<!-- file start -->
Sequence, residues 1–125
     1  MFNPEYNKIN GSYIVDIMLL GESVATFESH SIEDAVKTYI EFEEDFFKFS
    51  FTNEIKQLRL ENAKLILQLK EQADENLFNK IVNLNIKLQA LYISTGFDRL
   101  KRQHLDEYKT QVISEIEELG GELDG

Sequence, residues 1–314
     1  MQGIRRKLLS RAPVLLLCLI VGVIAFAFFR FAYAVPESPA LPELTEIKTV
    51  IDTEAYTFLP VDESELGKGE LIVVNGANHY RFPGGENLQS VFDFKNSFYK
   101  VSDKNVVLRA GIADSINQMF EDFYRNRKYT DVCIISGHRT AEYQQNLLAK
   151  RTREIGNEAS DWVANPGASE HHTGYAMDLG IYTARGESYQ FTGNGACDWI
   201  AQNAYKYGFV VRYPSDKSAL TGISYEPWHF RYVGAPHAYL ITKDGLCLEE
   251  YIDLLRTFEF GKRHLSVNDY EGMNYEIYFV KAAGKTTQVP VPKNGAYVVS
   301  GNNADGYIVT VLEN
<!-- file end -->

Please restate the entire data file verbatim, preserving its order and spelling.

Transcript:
Sequence, residues 1–125
     1  MFNPEYNKIN GSYIVDIMLL GESVATFESH SIEDAVKTYI EFEEDFFKFS
    51  FTNEIKQLRL ENAKLILQLK EQADENLFNK IVNLNIKLQA LYISTGFDRL
   101  KRQHLDEYKT QVISEIEELG GELDG

Sequence, residues 1–314
     1  MQGIRRKLLS RAPVLLLCLI VGVIAFAFFR FAYAVPESPA LPELTEIKTV
    51  IDTEAYTFLP VDESELGKGE LIVVNGANHY RFPGGENLQS VFDFKNSFYK
   101  VSDKNVVLRA GIADSINQMF EDFYRNRKYT DVCIISGHRT AEYQQNLLAK
   151  RTREIGNEAS DWVANPGASE HHTGYAMDLG IYTARGESYQ FTGNGACDWI
   201  AQNAYKYGFV VRYPSDKSAL TGISYEPWHF RYVGAPHAYL ITKDGLCLEE
   251  YIDLLRTFEF GKRHLSVNDY EGMNYEIYFV KAAGKTTQVP VPKNGAYVVS
   301  GNNADGYIVT VLEN